Just call us the modern pioneer women, if you want – my daughter and I are trying our hand at yet another home handicraft; making homemade soap. We have a couple of craft markets coming up, and my daughter had the notion of adding scented candles and soap to our range of offerings. Well, how hard could it be?

We’ve already done cheese-making, home-brewing and wine-making, we’ve messed about with bread-making, I’m a pretty accomplished seamstress and the Daughter Unit has fiddled around with origami and mechanical knitting. We had the basic tools recommended by a couple of soap-making enthusiast websites – a digital scale, a crock-pot, and an immersion blender, the last two of which we can dedicate entirely to soap-making, because the thought of using them to prepare food after doing soap is just … ugh. Various oils and a lye solution, simmered to perfection in the crock – what could be more difficult?

As it turns out, not much, although I did feel a bit like a chemical engineer, in apron, rubber gloves and eye-protection, measuring out in grams the various ingredients – most of them bought at Costco last weekend. Not much like Ma, in the Little House books, brewing together a concoction of rendered animal fat, and a lye solution made from wood-ash in a big pot over an open fire. Which concoction produced something called ‘soft soap’ – which likely did the job of cleaning, but wasn’t a patch on store-bought hard soap, or which came from our attempts today – a series of rather nice, fairly firm soaps, made from a combination of olive oil and coconut oil, and the Dreaded Lye Solution, with certain essential oil and dried lavender additions.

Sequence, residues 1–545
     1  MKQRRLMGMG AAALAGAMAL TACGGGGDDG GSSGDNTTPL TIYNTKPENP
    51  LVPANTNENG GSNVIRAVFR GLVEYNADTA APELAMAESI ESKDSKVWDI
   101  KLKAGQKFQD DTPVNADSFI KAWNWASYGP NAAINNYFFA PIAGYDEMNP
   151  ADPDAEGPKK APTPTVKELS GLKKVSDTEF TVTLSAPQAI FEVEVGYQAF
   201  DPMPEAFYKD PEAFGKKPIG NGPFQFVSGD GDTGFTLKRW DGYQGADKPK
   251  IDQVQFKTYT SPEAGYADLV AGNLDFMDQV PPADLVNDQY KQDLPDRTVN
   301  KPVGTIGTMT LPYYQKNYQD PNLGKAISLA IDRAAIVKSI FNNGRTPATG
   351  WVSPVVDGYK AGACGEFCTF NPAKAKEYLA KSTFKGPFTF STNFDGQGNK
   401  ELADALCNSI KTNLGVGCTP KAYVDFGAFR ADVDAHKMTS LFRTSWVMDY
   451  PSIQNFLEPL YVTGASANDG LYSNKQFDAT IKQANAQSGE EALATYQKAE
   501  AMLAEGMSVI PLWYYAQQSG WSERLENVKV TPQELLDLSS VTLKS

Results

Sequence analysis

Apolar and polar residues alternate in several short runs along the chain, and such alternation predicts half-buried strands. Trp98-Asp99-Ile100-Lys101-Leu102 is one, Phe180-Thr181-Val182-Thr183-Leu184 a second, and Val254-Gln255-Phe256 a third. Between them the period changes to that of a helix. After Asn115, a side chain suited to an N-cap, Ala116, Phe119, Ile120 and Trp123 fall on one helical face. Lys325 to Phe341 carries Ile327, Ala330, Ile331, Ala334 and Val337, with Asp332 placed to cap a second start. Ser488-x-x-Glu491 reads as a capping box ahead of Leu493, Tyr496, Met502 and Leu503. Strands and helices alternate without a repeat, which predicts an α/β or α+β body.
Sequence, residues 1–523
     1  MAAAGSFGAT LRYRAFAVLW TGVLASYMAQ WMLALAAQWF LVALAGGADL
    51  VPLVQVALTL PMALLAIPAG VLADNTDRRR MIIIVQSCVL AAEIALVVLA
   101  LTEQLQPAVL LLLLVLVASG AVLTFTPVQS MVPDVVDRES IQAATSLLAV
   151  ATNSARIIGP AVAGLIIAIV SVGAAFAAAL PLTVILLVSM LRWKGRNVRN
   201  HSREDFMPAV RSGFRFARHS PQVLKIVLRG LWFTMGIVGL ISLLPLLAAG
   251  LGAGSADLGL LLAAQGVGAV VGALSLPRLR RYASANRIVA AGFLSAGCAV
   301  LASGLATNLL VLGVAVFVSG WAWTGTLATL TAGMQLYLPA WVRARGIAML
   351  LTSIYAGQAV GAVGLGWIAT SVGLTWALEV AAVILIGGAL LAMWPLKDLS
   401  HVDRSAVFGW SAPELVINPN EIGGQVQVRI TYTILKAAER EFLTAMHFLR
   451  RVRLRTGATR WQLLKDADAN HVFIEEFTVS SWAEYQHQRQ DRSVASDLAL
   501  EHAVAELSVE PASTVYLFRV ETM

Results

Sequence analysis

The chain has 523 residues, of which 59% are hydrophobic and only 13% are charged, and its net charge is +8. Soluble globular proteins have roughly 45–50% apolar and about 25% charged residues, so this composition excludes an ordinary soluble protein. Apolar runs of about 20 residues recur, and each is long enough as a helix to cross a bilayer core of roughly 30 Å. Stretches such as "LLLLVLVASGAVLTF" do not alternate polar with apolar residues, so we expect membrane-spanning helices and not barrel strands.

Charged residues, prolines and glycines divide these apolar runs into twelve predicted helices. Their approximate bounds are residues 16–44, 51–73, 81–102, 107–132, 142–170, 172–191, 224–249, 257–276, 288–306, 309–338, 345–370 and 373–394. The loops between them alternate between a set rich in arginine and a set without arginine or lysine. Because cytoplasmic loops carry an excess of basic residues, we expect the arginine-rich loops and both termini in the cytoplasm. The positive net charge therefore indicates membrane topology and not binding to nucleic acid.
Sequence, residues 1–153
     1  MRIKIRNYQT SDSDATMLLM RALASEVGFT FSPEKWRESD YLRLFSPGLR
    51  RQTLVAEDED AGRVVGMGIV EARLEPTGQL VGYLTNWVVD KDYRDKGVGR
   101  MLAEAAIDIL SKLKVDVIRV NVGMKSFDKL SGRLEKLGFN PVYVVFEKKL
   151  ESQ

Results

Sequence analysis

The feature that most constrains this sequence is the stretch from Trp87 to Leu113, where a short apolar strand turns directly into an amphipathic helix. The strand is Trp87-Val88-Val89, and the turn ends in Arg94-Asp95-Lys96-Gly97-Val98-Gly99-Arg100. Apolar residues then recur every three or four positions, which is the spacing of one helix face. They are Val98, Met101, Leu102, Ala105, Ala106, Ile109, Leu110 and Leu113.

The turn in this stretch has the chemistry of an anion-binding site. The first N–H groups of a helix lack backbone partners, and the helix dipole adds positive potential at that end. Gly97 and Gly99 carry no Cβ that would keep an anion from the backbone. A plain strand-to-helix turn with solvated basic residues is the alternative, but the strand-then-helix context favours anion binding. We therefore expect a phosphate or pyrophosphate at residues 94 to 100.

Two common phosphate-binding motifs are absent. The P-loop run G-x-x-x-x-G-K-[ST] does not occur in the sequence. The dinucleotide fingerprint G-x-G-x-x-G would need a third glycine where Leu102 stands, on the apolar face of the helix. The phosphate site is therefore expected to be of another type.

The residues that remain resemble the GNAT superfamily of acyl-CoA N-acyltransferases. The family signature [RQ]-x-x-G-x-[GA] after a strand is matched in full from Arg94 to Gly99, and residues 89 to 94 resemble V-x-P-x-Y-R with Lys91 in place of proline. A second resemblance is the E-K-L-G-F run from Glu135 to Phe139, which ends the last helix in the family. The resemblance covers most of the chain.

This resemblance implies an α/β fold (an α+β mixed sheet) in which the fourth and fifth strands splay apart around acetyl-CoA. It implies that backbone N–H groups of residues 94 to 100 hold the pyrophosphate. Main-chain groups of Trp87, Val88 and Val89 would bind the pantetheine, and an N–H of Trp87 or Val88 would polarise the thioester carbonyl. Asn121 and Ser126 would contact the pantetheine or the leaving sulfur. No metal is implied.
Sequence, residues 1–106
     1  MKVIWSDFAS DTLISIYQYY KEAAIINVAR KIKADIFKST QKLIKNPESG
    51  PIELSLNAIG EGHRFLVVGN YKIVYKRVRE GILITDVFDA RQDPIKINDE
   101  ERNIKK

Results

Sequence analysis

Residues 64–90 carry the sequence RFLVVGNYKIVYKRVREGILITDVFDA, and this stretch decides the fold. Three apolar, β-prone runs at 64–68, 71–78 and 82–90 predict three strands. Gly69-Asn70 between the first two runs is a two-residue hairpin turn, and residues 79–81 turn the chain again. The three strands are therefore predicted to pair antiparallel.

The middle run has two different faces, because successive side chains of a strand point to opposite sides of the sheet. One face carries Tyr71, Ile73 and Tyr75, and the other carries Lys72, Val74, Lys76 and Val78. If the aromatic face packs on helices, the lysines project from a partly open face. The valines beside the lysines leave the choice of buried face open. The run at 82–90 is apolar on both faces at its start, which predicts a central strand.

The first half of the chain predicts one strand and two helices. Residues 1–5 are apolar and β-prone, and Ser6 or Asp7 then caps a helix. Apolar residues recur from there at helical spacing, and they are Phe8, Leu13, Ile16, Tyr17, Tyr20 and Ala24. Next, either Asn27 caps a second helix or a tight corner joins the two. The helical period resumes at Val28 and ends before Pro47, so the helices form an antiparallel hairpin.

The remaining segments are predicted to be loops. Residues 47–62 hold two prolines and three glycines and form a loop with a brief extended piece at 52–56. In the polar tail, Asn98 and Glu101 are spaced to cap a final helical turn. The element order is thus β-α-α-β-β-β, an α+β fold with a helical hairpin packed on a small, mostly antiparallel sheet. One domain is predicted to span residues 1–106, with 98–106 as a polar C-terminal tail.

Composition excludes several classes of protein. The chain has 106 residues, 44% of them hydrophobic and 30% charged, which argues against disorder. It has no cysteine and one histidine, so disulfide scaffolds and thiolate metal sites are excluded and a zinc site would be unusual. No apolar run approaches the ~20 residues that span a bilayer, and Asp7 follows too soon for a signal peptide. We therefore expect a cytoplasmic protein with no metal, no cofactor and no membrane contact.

We did hot-process soaps, a basic recipe, which yields usable results in a day or so. I’m going to venture a classic cold-process Castile soap, make with the last of a jug of pure olive oil – which needs months to cure, before it works up a good lather. But honestly, I’ve been very pleased with the local hobbyist home-made soaps that we bought for sale at various markets and fairs, and if it gains a good product for us, with a minimum of harsh chemical ingredients, so much the better.


  1. I’ve read about soap making, but never tried it. I’ll be interested to hear your take on the final product!

  2. The hot-process soaps came out quite well – I think it all depends on careful and exact measuring. We added pumice powder to one batch and it makes a nice exfoliant. Boyjian lemon oil (we had a bottle in the fridge for years, it’s very strong!) got added to another batch, and it smells delightfully of lemon. We’re pretty happy with the first three batches, overall.